SOLD!: Orion Starshoot G3 (one shot color), deep space imaging camera.


Orion Starshoot G3 (one shot color), deep space imaging camera.
Retails for $420.  Asking $250 or best offer.
Bought this new in May 2015; now only 6 months old.   I upgraded to a bigger camera (QHY8L).
The G3 would make a great gift for an astronomer interested in cheaply getting started in Astrophotography.
Camera fits both 2″ or 1.25″ focuser or extender tubes.
I’ve been able to get great shots with this camera, up to 10 minute exposures, though I’m confident you could go longer with good alignment.
Here is a link to my astrobin page where you can see the kind of shots I’ve been able to get with this camera.  The latest 2 images I just posted are from my QHY camera.  All others were taken using the Starshoot G3.

This package includes:

  • a 12v AC power adapter (10′ long) plugs into standard AC outlet, used to power the cooling fan.  It will cool the camera to about -10 C below ambient.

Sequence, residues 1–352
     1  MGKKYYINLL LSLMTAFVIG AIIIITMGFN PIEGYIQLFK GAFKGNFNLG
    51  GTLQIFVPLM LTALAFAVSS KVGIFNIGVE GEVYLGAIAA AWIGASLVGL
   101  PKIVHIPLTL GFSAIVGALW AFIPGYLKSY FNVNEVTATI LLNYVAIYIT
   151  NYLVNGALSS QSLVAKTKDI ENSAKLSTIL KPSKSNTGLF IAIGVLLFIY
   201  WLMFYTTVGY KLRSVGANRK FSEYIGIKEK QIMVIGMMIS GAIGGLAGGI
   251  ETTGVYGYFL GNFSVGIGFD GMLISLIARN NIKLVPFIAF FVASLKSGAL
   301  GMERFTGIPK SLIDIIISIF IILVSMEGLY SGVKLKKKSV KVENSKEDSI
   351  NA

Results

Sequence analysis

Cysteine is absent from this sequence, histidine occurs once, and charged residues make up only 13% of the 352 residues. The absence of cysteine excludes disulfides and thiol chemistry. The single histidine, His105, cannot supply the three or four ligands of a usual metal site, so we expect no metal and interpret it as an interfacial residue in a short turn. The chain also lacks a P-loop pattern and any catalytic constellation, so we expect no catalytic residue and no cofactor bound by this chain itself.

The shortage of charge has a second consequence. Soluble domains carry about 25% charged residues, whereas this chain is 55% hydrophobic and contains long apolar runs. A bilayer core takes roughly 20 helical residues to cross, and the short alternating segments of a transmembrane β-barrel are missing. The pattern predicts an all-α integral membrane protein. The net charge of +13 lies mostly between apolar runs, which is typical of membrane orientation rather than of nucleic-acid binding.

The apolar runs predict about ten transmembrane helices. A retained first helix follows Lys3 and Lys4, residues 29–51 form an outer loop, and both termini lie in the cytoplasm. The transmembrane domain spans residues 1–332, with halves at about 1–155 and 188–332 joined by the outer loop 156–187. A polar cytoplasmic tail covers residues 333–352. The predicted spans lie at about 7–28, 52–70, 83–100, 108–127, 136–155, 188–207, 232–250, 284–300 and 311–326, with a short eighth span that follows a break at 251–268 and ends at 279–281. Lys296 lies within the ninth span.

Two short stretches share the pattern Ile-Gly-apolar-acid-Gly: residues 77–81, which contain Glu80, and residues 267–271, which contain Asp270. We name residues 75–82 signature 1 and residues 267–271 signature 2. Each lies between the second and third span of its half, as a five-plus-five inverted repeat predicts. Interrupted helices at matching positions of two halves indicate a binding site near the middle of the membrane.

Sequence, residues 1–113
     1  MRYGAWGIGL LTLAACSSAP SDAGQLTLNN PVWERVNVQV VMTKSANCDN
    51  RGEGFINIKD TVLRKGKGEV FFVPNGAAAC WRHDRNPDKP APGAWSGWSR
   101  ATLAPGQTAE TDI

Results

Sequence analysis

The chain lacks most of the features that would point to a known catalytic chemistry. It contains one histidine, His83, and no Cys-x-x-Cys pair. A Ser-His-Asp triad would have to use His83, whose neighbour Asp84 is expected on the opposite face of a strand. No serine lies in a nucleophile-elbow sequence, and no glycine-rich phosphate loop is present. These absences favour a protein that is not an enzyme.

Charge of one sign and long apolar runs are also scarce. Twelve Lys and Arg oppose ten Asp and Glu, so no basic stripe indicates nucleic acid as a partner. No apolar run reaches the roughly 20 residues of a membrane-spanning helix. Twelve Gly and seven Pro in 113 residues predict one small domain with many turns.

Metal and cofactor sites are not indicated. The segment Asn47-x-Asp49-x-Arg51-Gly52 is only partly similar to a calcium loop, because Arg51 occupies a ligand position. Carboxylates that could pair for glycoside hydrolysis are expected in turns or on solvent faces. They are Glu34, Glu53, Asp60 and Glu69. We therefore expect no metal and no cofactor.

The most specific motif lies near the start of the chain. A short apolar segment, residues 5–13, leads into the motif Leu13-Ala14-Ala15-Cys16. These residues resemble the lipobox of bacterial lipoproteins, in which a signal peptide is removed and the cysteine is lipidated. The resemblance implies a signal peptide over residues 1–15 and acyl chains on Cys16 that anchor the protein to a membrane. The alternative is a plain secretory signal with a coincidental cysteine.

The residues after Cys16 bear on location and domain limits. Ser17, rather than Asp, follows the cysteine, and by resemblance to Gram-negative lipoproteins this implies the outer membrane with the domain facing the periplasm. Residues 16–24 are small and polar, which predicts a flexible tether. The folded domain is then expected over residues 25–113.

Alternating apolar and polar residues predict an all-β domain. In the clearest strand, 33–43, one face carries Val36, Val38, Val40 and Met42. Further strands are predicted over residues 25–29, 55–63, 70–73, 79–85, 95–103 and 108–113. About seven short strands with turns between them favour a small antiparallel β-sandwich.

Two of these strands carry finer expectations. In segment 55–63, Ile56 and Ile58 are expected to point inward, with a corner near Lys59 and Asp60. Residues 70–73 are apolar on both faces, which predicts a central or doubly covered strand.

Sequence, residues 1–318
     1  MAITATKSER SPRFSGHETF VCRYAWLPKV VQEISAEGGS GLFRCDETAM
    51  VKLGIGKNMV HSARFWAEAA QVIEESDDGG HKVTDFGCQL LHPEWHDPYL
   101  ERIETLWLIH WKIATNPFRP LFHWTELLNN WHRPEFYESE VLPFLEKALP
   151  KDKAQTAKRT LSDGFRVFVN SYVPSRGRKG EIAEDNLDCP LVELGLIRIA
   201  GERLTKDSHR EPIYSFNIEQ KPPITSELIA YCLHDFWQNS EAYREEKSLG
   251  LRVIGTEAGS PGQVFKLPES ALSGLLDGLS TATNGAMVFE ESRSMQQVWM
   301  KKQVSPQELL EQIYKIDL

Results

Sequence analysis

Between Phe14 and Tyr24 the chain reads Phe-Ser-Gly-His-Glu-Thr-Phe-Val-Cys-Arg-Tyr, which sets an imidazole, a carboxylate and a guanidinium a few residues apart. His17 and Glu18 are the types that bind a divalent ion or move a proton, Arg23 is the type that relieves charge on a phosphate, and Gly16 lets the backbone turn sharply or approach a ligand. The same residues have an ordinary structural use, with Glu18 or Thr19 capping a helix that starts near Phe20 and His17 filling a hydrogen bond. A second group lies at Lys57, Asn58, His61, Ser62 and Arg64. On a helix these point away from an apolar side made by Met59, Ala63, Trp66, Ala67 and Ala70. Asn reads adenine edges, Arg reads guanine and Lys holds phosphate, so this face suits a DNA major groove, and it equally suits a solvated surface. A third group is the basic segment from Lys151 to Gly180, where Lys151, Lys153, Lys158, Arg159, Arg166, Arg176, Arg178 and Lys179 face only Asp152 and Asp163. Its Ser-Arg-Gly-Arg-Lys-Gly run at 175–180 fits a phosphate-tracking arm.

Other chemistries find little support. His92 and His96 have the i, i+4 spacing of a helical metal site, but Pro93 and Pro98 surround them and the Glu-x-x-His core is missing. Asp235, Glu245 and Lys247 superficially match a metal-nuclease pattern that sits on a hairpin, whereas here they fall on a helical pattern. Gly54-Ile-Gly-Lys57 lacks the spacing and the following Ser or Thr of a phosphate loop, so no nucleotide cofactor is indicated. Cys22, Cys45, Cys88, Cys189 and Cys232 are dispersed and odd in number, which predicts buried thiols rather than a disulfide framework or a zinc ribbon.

• USB 2.0 data cable. Gray 6′ long.
  • Rubber end cap. Keeps the dust out and good for taking your dark and bias library.

Does not include the original box.
Free download of the Orion software from their website to do captures.  Though I highly recommend paying for Nebulosity (about $100) and using it for capture.  I have only been able to debayer my images (convert from RAW to color) using the original Orion camera studio or Nebulosity.

I was never able to get debayering working with either Deep Sky Stacker or PixInsight. Once I switched to using Sequence Gen Pro for capture, I just had problems getting this G3 camera to debayer my images.  I’ve also seen MaximDL debayer just fine, though I’ve never used it.
This camera is in near-perfect condition.  Never been dropped, always handled with great care. Always capped when not in use, and stored in my camera bag at room temperature.
This camera produces very low heat, and weighs only 16 oz.  Includes a guider port if you should ever want to use it as a guider.  Chip size is 1/2 inch which is a bit small for me.  So with my scope (80mm) I had to stay away from bigger objects like andromeda and pleiades.  But your telescope may give you a different crop factor than mine.

I recommend getting your scope info, take my camera specs, and plug them into a planetarium software to get an idea of what your field of view would be like with this camera.  This will dictate a lot of the shots you’ll be able to take without doing something complex like a mosaic.